I need some help.  I have a student who is repeating kindergarten for the 2nd time, and is still struggling with behaviors.  I want to reinforce the positive as well as discourage the negative behaviors.  I have tried a couple ways of using a sticker chart, pulling cards for negative behavior and a journal home to the parents but I still feel like I am struggling.


How can I reinforce the good and still deter the negative effectively?  Any ideas?


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Hi Melissa
Do you have any insight into what the root of the behavior is? I have found that when using reinforcement doesn't work there is usually something deeper. Of course it's not always possible to address that issue but sometimes it helps frame an approach. I also don't teach K so it probably looks very different from where I'm sitting. Can you give more details about the specific behaviors?
The home life is not very good for this little boy.  He has very dramatic mood swings- almost bipolar.  So happy and friendly one second and then something sets him off and he is mad.  He does not harm others like he used to but now he more pouts, stomps his feet and shuts down.  We have worked on expressing feelings and I really try to notice the positives so that he knows what I want to see.  There are a lot of problems here so I am just trying to make this little boys life a little happier but it takes time and energy to try and keep him positive.  Any ideas now!?!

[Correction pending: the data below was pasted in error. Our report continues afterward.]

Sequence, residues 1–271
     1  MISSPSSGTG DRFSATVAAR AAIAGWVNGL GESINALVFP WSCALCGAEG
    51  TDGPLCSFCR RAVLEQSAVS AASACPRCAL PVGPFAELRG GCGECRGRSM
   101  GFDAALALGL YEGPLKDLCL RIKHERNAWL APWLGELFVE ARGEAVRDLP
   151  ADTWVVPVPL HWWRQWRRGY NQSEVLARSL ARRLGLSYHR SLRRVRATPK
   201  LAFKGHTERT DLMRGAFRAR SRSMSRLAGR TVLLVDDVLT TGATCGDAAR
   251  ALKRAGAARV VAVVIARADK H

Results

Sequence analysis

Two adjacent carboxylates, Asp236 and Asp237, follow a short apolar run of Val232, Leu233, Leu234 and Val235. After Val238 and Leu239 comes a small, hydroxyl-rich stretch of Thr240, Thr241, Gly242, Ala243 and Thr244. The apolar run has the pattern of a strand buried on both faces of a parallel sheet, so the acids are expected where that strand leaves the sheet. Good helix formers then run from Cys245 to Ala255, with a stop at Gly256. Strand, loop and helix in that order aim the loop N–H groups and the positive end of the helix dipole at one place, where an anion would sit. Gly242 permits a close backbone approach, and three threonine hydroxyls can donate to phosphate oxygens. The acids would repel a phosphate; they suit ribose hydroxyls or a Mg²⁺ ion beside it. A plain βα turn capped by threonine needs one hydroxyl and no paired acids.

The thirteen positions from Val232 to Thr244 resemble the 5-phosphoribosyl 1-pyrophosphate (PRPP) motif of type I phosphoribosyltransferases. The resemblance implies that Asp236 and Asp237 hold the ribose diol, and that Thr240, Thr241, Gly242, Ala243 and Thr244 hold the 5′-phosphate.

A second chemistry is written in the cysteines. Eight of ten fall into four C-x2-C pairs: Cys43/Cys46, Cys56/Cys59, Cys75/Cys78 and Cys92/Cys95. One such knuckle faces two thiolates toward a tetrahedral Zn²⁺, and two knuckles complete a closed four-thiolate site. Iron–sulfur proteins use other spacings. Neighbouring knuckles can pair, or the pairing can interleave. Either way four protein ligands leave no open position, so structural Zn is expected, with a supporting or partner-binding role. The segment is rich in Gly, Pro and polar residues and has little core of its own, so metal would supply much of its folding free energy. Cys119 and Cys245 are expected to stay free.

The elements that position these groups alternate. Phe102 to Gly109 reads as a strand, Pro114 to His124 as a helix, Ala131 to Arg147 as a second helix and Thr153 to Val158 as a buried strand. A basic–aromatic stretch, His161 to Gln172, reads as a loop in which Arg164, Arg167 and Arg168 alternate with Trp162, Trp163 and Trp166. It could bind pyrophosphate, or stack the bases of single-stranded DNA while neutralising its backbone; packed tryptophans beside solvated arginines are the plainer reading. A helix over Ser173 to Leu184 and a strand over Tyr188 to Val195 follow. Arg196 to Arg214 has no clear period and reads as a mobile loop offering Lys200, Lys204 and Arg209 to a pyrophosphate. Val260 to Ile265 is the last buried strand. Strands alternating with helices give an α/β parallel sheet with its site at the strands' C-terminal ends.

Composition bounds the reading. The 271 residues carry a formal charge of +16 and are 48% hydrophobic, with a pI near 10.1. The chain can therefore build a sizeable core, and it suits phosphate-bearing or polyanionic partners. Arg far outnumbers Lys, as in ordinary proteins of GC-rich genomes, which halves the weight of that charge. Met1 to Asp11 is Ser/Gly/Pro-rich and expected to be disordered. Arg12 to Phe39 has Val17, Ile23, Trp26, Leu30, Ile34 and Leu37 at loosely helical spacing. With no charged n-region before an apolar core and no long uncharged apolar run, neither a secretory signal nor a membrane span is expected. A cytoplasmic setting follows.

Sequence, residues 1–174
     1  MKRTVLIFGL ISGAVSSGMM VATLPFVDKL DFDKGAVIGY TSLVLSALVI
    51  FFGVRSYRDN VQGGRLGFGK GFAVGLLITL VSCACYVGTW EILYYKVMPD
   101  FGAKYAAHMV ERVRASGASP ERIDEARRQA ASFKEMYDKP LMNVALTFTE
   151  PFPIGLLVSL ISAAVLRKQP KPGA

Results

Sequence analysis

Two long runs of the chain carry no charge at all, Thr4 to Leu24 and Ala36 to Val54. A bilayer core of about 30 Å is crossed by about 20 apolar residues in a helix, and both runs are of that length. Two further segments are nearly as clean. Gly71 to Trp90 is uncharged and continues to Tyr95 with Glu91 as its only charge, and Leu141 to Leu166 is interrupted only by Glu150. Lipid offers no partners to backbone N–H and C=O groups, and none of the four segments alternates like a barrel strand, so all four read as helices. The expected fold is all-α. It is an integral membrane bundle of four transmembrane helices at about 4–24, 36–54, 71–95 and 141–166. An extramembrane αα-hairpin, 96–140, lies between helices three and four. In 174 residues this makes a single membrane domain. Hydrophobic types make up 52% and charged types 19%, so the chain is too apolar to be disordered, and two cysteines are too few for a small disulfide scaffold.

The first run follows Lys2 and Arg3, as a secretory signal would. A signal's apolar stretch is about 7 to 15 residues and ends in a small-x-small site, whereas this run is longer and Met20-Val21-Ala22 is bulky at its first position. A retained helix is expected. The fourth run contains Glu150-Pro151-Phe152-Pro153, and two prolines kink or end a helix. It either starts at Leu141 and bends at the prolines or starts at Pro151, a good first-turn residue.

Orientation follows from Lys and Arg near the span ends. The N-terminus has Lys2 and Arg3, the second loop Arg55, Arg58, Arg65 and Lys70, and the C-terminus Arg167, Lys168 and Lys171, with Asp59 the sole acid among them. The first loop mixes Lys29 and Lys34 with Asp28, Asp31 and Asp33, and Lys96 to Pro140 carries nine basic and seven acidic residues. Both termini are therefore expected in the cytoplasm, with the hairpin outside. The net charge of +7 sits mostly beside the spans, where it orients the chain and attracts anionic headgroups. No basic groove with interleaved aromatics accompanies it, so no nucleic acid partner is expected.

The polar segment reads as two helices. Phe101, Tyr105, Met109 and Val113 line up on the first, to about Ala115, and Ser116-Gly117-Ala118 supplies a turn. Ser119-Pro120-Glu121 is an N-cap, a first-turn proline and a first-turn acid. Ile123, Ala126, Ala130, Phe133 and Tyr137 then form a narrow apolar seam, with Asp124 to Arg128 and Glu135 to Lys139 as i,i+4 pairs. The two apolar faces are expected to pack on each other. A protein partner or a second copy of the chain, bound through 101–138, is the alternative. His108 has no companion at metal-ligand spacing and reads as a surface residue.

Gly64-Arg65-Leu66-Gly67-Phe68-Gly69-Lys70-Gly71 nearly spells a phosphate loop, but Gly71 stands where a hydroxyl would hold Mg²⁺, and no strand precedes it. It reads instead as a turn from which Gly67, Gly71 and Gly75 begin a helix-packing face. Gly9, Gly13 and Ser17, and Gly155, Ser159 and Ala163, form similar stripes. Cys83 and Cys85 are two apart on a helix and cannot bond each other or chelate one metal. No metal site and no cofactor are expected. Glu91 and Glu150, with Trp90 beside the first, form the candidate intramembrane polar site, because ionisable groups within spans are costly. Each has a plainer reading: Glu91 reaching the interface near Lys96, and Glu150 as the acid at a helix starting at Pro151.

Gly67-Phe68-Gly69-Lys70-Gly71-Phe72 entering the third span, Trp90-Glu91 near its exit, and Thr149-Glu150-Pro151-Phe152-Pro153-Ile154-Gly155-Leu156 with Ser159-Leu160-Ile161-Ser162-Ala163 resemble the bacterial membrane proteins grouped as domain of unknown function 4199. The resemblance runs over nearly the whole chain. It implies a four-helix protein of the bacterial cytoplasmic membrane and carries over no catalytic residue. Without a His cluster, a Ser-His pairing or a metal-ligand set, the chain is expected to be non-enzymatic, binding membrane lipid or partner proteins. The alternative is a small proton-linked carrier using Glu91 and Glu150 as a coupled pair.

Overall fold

Has any thought been given to the fact that he is two years older than his kindergarten classmates? What about trying to gradually integrate him into classroom settings with other second graders, or at least first graders?
Hi Melissa! I had a student that struggled all year with behavior. For this student my principal and I created a behavior plan that focused just on following the teacher's directions. We split the day up into the three sections. If the student followed the teacher's directions within 10 seconds by the end of the first time section (for ex. 8:15-9:25) then he received a "yes" for that section and then had an immediate positive reward. Our custodial staff was involved and would stop by my room at 9:25 and wait for me to give a thumbs up or down to show if the student had met his goal. If it was "yes" the student would get to go with the custodial staff member and take a walk around the school, play a game together, or go out and shoot baskets for 10 minutes. After each section throughout the day the student had a positive reward in place of someone in our school coming to get the student to do something enjoyable with the student for 10 minutes. If the student met all 3 sections by the end of the day then the student got to choose a student from our class to go down to the principal's office to play a game or old school Nintendo. He was very responsive to this plan and it made a big difference for this child, but it took a lot of team players (staff) from our school to make it happen.


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